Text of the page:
Why climate change matters
People who have historically contributed the least amount of greenhouse gases to the atmosphere often face the worst impacts of climate change. The rise of the global average temperature on Earth contributes to worsening conditions for humans.
These impacts include severe droughts, desertification, intense flooding, wildfires, hurricanes, collapsing ecosystems, crop losses, extinctions of species, and rising sea levels.
Here are some zoomed-in examples of how climate change is impacting people and ecosystems today.
Island nations hit hard
Small ocean island nations that rely on coral reefs, sustainable fish populations, and consistent sea levels are losing land to the ocean every year. The schools of fish they rely on to feed themselves may be gone due to overfishing. Their reefs are dying as the ocean gets warmer.
The ocean absorbs carbon dioxide just like the atmosphere does, which makes waters more acidic. This ocean acidification causes coral reefs to die, and this means creatures and fish like Nemo and Dori no longer have a habitat and reliable food source. As coral reefs and the creatures that rely on them continue to die, the diversity of species declines rapidly.
These island nations may be forced to move away to survive the dwindling food supplies and rising tides.
Soil to sand
In African countries on the edges of the desert where land was once farmable, the desert is expanding. Prolonged droughts, along with extreme heat and less nutritious soil, are causing vital crops to fail. This causes subsistence farmers and their families to go without food, or it forces them to attempt to move with what little resources they have.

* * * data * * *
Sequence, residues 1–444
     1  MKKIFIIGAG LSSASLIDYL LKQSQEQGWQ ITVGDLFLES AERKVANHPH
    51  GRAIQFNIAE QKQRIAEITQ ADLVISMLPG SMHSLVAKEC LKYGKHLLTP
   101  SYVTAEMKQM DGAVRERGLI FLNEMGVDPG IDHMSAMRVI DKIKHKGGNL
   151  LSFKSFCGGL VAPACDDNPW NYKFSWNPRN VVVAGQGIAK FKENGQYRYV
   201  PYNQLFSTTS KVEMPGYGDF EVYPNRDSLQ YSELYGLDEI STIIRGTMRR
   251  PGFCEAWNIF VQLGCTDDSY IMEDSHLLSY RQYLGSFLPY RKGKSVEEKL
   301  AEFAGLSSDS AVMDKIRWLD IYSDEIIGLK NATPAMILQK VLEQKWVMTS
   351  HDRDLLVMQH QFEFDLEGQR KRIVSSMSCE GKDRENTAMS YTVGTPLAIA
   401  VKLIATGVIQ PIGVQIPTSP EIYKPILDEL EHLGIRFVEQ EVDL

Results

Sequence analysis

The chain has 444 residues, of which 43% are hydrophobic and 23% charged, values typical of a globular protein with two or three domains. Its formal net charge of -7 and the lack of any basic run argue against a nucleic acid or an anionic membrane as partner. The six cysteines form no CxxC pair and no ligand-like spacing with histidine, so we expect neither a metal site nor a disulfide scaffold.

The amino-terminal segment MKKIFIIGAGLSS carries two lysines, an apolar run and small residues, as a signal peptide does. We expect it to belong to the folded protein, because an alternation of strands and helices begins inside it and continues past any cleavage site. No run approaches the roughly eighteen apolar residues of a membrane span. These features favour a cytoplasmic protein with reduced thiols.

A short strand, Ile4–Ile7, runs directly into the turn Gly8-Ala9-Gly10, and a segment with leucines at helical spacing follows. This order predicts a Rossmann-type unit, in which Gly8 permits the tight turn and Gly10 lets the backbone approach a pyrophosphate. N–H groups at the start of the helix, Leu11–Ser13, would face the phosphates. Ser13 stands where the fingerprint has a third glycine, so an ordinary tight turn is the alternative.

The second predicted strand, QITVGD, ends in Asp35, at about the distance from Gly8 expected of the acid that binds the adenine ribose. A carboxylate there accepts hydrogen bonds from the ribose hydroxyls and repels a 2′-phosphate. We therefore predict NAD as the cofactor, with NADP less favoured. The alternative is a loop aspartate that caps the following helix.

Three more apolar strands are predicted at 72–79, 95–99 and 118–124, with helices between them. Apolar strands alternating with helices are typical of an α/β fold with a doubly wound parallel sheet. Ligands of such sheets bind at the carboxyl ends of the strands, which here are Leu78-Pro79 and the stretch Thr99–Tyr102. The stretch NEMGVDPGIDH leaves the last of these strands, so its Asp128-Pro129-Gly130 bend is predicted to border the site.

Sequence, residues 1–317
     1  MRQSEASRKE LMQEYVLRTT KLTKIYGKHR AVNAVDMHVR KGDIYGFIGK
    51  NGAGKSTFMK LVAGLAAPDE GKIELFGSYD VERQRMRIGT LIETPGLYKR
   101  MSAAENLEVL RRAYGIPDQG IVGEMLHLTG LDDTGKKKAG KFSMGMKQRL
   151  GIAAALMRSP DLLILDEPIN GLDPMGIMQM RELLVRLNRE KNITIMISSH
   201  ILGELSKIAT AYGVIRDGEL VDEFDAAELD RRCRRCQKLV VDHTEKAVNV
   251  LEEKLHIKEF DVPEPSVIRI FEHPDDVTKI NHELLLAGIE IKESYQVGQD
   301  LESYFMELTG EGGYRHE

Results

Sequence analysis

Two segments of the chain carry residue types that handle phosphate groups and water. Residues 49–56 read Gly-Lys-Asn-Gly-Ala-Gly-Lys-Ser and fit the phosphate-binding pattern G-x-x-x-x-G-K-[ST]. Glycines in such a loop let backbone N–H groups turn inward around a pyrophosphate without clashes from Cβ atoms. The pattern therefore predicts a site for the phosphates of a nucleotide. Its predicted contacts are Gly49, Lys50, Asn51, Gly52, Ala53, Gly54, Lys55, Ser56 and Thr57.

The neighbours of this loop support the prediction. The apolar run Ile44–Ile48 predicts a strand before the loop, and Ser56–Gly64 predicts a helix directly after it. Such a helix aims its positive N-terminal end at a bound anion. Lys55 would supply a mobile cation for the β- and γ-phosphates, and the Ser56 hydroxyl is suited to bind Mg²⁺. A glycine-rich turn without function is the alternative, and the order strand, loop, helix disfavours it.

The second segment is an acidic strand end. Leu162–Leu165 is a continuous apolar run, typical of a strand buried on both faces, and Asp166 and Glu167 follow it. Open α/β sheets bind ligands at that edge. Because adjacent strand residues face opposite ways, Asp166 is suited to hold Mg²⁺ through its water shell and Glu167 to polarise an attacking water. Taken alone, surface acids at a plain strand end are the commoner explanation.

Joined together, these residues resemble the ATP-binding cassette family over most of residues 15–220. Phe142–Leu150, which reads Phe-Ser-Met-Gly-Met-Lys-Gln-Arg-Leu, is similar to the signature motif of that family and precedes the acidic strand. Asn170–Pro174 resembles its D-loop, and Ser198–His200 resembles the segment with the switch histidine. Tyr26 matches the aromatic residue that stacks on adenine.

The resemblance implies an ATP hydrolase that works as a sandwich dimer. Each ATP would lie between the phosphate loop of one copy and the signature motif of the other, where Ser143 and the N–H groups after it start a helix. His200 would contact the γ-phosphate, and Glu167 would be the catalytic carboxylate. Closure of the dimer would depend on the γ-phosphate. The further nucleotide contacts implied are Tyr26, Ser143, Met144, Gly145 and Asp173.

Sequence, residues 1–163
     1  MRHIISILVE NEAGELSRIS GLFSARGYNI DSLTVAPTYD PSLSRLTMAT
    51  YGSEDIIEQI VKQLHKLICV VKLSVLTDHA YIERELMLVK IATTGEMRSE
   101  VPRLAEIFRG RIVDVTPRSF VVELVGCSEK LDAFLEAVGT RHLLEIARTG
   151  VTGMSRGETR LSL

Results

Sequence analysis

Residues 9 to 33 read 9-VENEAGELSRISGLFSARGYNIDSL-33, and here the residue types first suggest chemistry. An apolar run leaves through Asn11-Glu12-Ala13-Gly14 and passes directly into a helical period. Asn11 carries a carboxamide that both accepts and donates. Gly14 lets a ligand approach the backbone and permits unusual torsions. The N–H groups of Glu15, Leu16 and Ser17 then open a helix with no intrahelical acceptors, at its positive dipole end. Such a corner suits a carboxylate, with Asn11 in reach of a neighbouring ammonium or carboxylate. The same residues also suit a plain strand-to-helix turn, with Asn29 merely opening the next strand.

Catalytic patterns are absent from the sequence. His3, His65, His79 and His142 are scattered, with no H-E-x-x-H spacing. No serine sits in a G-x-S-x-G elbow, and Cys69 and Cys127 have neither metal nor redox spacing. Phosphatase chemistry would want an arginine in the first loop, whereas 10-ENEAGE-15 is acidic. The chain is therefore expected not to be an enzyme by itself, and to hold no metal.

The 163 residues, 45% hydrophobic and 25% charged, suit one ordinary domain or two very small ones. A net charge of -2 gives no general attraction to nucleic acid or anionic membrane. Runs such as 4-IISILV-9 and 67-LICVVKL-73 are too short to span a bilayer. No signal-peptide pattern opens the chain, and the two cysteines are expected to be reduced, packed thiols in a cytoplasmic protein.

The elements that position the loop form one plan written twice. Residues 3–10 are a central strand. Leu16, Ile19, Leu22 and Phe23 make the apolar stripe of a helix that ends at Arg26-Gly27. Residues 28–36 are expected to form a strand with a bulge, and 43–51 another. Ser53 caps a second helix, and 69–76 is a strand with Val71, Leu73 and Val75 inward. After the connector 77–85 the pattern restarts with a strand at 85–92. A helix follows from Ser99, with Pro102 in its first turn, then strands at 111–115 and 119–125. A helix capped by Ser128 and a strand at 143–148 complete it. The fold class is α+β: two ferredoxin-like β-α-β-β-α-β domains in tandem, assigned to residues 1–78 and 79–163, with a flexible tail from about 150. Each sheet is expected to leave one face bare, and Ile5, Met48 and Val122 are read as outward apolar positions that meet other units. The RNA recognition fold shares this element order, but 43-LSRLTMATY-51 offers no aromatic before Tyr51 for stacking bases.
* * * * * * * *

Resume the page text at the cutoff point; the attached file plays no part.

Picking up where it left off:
Some resort to cutting down more trees to use as fuel or to sell for money. Since forests create their own rain, slicing away at trees just exacerbates the desertification process.
Even in more developed and rich nations such as Italy or Spain, people are suffering from heat stroke and dying. Many major cities in Europe decided decades ago that the summers were bearable without air conditioning. Now, they are being forced to reconsider. Even in countries such as the U.S., which have many homes with air conditioning, homeless or poor individuals and families are left without many opportunities to stay cool during heat waves.
According to the World Health Organization, more than 70,000 people in Europe died during the 2023 heatwave alone.
Many industries and activities that release greenhouse gases such as carbon dioxide also release harmful air pollutants. Nitrous oxides, particulate matter, and sulphur dioxide are some of the many air pollutants that come from vehicles and heavy industries.
Densely populated cities often have worse air quality because of the amount of traffic congestion and factories closeby. While lower-income families have fewer resources to adapt to poor air quality, it negatively impacts people regardless of their financial situation. Asthma cases are on the rise in many countries, in part due to poor air quality.
Coastal towns and shipping
Fishing, tourism, and shipping are often major sources of income for towns and major cities along the ocean coasts around the world. These towns may have worse air quality and higher carbon emissions due to the volume of ocean vessels, trucks, and trains that come in and out of ports.
As climate change contributes to more frequent and more intense flooding and storms such as hurricanes, port and town infrastructure are put at risk more often. This also threatens revenue from tourism as a town will become less attractive for vacation if it’s too hot or seen as a dangerous place to visit because of storms.
Lower-income communities and countries don’t have the resources to fight the impacts of climate change. Even rich nations’ coastal walls and firefighter squads can only do so much to stop a hurricane or raging wildfire.
Many of the countries, island nations, high-risk coastal areas, and neighbourhoods next to heavy-industry are populated by black, indigenous, and other people of colour. BIPOC communities are often at a higher risk of being surrounded by poor air quality and living in places that are less safe for their families.
The world has the technology and knowledge required to lower emissions and fight climate change. The time to act on climate is now. That’s why CBIP is committed to making every package it has a role in shipping carbon-neutral.